Archive | October 4, 2013

The DisinfoView: Noreena Hertz

Noreena Hertz joins disinformation’s Gary Baddeley to discuss her new book, “Eyes Wide Open.” They discuss corporate personhood and the issue of rights without responsibilities, Lehman Brothers and the financial crisis, how and why the US government made the decisions that ended in the demise of Lehman and the bailout of other Wall Street banks, and how to make decisions amongst a deluge of information, not least from “experts” who may very well be providing misleading or plain wrong advice…

The official blurb for the book:

Eyes Wide Open: How to Make Smart Decisions in a Confusing World” is Noreena Hertz’s practical, cutting-edge guide to help you cut through the data deluge and make smarter and better choices, based on her highly popular TED talk.

In this eye-opening handbook, the internationally noted speaker, economics expert, and bestselling author of “IOU: The Debt Threat” and “The Silent Takeover” reveals the extent to which the biggest decisions in our lives are often made on the basis of flawed information, weak assumptions, corrupted data, insufficient scrutiny of others, and a lack of self-knowledge.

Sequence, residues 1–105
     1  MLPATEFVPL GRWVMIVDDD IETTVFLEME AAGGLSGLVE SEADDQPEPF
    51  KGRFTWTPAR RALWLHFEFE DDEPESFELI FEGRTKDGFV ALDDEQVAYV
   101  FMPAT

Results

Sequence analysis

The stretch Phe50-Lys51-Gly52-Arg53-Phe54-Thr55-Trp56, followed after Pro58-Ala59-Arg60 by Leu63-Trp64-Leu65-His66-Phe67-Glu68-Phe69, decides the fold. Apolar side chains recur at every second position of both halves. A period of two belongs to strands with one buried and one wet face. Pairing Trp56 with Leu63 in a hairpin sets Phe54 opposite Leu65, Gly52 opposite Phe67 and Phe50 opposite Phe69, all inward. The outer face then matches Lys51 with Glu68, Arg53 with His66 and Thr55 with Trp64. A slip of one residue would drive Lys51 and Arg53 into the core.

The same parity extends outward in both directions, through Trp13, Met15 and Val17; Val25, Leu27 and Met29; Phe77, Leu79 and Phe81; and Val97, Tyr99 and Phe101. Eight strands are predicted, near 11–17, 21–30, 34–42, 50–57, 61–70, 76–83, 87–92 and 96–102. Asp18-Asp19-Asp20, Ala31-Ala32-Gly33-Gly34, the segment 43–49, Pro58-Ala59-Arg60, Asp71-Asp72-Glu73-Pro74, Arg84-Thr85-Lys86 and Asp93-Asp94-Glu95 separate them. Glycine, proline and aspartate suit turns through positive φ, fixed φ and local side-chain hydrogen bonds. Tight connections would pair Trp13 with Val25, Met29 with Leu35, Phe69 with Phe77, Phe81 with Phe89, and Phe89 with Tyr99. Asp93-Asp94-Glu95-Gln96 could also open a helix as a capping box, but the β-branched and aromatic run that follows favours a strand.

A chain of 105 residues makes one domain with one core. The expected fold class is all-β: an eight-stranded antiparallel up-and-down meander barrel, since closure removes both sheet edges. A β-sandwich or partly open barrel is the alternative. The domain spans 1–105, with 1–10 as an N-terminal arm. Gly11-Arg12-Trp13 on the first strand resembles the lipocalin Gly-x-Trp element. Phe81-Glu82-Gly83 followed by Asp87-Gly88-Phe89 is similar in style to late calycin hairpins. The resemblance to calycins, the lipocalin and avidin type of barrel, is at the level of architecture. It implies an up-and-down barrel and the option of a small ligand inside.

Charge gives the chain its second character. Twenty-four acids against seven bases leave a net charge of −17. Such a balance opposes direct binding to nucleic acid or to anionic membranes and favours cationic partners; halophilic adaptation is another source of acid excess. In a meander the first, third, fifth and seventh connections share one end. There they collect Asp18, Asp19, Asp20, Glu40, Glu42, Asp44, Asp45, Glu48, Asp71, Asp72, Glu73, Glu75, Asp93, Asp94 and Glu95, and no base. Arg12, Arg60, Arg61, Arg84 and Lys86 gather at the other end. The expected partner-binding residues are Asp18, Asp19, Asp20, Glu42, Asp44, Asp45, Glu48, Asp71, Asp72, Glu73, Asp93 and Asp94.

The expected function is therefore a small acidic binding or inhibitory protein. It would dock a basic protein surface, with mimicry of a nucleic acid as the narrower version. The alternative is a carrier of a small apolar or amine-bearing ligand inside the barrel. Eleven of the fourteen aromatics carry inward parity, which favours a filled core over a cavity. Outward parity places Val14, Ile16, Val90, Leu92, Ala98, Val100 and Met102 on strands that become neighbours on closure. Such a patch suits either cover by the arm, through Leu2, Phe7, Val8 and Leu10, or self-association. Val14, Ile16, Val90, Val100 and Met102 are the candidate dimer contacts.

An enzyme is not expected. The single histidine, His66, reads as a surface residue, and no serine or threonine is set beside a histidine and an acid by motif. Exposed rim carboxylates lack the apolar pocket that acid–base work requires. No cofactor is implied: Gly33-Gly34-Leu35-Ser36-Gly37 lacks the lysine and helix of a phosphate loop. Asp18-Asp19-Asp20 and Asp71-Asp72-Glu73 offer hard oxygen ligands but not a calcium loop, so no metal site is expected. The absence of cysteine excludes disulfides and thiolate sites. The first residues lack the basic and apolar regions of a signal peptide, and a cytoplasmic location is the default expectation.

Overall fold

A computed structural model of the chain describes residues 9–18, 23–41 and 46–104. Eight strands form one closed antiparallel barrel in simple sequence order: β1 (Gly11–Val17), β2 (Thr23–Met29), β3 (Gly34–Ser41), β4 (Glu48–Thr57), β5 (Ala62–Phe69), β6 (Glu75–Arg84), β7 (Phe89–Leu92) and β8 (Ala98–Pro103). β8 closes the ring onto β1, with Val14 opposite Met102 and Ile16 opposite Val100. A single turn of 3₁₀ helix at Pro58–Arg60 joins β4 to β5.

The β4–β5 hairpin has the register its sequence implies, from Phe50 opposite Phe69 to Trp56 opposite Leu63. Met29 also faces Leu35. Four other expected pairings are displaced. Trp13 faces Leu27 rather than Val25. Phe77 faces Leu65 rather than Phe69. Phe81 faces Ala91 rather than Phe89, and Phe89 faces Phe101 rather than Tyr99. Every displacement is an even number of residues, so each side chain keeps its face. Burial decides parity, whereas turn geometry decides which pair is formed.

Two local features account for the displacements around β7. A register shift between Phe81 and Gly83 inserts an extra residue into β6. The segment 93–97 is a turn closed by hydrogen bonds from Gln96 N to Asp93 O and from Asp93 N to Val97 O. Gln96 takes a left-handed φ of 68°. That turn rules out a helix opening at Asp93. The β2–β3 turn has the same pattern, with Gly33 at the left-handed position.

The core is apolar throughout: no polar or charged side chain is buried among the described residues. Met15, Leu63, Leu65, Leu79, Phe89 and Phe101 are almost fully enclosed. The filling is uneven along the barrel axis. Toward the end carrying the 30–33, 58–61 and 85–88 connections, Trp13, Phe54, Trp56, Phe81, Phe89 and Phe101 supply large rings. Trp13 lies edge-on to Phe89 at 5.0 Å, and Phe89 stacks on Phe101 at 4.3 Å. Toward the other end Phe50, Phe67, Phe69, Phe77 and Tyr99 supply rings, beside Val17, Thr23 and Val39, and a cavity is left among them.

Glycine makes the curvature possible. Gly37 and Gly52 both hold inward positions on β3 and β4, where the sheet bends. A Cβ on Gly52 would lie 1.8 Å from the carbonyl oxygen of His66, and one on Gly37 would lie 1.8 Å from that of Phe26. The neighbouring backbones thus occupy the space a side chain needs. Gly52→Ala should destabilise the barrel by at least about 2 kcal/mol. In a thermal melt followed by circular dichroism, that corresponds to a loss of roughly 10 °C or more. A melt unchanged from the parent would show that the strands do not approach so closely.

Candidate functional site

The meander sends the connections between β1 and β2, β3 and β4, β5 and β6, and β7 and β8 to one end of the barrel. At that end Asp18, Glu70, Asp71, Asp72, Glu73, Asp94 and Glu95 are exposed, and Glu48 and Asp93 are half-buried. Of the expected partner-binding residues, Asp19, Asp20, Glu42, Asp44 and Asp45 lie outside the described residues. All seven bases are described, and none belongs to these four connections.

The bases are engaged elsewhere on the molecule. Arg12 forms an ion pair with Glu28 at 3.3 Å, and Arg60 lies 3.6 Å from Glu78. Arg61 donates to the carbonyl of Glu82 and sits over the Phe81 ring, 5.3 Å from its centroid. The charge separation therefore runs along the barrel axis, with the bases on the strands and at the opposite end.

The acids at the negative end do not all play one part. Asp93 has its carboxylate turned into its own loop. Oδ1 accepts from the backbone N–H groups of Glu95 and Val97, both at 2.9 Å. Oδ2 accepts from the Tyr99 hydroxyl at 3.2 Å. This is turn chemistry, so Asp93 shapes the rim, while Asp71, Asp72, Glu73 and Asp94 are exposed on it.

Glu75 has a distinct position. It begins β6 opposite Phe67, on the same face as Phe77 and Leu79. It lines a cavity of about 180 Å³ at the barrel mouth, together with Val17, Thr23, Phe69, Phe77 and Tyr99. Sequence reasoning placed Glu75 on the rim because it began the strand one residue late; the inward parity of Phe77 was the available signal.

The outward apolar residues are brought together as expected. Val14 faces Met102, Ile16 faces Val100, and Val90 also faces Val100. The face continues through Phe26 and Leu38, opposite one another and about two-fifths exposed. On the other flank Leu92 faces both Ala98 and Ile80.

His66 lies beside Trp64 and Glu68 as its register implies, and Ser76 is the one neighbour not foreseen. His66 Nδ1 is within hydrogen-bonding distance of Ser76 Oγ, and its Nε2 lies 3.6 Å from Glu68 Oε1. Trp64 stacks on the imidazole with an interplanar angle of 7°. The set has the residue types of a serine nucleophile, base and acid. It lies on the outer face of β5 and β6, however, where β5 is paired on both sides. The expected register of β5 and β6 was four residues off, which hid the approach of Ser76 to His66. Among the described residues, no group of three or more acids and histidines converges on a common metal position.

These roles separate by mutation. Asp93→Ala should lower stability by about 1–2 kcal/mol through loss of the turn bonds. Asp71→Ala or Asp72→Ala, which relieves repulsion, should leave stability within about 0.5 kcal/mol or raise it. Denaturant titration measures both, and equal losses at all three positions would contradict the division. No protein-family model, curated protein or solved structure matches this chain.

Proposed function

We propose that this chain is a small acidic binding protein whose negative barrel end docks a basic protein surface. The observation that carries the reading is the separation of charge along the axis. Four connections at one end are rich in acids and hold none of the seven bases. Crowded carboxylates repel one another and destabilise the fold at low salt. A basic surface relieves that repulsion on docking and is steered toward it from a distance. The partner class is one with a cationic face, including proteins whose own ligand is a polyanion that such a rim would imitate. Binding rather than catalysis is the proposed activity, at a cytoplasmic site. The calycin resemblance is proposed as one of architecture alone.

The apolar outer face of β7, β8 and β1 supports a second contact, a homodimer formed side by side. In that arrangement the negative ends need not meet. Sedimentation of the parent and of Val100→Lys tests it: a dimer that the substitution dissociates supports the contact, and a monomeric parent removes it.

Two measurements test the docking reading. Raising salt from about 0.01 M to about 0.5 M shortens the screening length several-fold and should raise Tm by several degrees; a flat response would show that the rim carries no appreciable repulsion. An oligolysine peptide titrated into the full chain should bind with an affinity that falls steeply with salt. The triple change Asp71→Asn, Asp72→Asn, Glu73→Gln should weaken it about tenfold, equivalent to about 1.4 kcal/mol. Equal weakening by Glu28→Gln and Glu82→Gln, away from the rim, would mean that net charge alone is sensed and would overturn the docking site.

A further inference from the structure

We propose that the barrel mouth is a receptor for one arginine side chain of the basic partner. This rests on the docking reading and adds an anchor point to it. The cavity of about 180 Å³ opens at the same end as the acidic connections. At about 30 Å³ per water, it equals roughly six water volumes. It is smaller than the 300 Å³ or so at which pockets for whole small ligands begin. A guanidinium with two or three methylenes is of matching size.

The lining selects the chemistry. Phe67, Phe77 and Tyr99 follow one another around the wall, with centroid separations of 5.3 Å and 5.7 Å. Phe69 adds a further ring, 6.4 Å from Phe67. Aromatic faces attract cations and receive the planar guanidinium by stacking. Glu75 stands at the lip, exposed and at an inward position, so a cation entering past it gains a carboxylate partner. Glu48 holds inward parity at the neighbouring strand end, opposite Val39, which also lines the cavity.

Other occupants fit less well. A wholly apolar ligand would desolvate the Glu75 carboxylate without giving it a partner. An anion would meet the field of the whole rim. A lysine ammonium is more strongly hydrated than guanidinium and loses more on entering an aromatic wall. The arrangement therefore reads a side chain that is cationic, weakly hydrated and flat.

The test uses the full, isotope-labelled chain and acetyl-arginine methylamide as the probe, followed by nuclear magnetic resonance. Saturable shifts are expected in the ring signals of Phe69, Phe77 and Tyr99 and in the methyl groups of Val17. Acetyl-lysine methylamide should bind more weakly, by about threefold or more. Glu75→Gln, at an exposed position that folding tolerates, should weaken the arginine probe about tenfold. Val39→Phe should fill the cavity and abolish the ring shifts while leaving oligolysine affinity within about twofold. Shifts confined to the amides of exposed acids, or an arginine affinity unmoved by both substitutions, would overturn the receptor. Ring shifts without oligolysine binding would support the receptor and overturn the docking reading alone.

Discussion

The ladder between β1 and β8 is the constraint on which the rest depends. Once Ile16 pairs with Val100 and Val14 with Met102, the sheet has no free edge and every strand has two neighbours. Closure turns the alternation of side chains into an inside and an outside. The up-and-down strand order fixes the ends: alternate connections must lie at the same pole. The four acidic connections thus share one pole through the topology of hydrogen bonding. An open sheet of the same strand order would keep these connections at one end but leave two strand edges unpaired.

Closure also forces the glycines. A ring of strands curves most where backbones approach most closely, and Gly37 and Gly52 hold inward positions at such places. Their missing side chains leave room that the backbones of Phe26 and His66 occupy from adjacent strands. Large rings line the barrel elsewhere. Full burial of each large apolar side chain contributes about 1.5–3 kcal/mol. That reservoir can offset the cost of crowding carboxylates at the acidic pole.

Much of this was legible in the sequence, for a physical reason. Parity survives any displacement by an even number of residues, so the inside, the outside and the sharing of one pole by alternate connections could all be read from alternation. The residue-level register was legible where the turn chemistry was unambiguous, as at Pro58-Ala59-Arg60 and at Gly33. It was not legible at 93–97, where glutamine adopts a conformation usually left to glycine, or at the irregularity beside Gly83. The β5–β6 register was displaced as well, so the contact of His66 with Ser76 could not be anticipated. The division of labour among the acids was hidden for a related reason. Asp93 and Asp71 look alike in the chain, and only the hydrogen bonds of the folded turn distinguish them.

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The Police And Fingerprint-Based Security

fingerprintThe Chaos Computer Club on why authorities are in love with biometrically unlockable devices:

“It is plain stupid to use something that you can’t change and that you leave everywhere every day as a security token”, said Frank Rieger, spokesperson of the CCC. “The public should no longer be fooled by the biometrics industry with false security claims. Biometrics is fundamentally a technology designed for oppression and control, not for securing everyday device access.” Fingerprint biometrics in passports has been introduced in many countries despite the fact that no security gain can be shown.

iPhone users should avoid protecting sensitive data with their precious biometric fingerprint not only because it can be easily faked, as demonstrated by the CCC team. You can easily be forced to unlock your phone against your will when being arrested. Forcing you to give up your passcode is much harder under most jurisdictions than just casually swiping your phone over your handcuffed hands.

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